heightened accountability.

We advise and assist member
centres with matters as diverse as
corporate registration, compliance
with non-profit requirements,
accounting, auditing, funding
applications, digital security and
websites.

Building the organisational and administrative capacity of
organisations practicing investigative journalism

Making resources available to member centres is not enough. A centre’s editorial performance is optimal when its organisational base is solid. And increased resource flows demand heightened accountability.

We advise and assist member centres with matters as diverse as corporate registration, compliancewith non-profit requirements, accounting, auditing, funding applications, digital security and websites.

Building the editorial capacity of organisations and journalists
practising investigative
journalism

We network and advise member
centres on editorial matters.
Where they feel they need it, we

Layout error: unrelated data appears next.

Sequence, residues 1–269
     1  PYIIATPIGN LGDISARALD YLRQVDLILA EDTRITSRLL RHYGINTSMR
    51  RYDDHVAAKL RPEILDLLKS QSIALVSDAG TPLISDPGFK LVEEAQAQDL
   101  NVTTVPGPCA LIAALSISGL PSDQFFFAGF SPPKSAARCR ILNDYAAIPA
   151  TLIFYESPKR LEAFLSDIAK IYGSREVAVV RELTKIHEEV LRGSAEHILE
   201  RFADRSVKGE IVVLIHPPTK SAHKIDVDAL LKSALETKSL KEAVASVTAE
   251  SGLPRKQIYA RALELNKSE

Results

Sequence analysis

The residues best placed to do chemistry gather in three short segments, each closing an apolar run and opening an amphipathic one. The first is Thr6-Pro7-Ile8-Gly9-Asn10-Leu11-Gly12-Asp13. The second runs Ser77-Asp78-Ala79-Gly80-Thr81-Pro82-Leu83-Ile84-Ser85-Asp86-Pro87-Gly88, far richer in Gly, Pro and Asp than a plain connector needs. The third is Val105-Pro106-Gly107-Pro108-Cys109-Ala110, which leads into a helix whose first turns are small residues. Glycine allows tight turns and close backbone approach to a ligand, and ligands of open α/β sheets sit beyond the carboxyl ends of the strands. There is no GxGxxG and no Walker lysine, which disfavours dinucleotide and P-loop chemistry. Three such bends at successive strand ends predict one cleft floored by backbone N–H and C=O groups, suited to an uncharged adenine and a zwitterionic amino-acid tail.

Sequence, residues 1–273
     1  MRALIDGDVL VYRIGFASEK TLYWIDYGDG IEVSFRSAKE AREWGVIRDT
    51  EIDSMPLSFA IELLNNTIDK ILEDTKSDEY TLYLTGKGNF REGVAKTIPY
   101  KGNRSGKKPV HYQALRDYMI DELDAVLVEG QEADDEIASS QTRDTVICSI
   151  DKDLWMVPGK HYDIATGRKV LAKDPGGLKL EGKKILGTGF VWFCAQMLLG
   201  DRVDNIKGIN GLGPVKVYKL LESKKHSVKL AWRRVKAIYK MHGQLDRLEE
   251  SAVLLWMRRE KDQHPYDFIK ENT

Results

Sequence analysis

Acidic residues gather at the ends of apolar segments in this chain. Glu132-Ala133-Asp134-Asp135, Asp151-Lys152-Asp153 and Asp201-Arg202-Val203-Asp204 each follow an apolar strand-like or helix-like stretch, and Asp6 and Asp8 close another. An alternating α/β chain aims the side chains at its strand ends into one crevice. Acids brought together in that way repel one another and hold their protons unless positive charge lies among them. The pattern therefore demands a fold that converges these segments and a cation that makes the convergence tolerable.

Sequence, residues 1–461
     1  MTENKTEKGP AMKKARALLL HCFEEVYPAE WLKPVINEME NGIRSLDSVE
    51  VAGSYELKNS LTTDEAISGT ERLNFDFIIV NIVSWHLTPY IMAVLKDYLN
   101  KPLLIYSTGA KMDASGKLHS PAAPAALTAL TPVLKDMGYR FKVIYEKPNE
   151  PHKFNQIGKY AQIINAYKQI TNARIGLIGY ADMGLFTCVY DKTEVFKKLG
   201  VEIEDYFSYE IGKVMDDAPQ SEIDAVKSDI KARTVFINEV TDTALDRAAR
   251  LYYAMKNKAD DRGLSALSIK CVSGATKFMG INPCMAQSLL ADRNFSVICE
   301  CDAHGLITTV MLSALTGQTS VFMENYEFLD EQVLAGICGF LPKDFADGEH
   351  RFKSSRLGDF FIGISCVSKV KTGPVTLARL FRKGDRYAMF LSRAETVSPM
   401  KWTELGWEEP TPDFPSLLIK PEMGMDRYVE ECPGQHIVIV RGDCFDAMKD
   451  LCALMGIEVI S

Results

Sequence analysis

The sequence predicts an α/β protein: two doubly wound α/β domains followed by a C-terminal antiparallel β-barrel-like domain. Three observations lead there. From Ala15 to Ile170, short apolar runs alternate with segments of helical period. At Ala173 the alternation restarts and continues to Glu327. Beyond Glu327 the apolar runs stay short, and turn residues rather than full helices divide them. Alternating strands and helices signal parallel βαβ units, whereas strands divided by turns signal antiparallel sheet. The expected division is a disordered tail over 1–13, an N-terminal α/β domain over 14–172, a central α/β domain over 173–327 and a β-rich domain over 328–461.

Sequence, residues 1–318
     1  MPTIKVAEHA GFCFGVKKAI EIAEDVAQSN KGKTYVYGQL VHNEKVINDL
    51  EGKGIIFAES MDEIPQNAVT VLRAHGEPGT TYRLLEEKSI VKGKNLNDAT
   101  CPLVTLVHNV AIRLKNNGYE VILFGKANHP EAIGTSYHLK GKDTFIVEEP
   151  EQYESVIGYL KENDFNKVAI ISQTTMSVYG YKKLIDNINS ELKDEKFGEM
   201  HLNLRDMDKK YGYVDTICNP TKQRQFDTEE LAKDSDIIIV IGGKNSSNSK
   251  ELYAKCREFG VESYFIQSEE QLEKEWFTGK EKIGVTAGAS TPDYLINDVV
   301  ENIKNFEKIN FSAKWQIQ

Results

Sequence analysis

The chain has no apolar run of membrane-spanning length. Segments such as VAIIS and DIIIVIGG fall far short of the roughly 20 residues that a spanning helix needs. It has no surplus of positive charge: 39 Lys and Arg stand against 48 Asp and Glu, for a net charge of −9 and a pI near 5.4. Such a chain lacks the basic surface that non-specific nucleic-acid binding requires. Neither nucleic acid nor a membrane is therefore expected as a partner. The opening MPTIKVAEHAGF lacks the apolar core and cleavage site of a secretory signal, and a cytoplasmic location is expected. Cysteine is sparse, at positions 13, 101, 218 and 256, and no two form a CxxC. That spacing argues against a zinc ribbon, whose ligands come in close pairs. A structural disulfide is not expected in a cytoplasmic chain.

help them get their stories ready
for publication.

We sponsor qualifying journalists
for three-month fellowships at
investigative newsrooms.

And we arrange workshops;
anything from investigations 101
to following the money, the latest
tools and techniques, and digital
security.

Building the editorial capacity of organisations and journalists
practising investigative journalism

We network and advise member centres on editorial matters. Where they feel they need it, we help them get their stories ready for publication.

We sponsor qualifying journalists for three-month fellowships atinvestigative newsrooms.

And we arrange workshops; anything from investigations 101 to following the money, the latest tools and techniques, and digital security.

Our People

The buck stops with three to five non-executive directors elected by member centres, and up to two ex-officio executive directors.

Prof Dumisani Moyo

Prof Dumisani Moyo

Non-executive chair

Prof Dumisani Moyo

Non-executive chair

Lionel Faull

Lionel Faull

Non-executive director

Lionel Faull

Non-executive director

Troye Lund

Troye Lund

Executive director

Troye Lund

Executive chair

Mantoe Phakathi

Mantoe Phakathi

Non-executive director

Mantoe Phakathi

Non-executive director

Steven Budlender

Steven Budlender

Non-executive director

Steven Budlender

Non-executive director

Sebenzile Nkambule

Sebenzile Nkambule

Executive director

Sebenzile Nkambule

Executive director

We build investigative
journalism.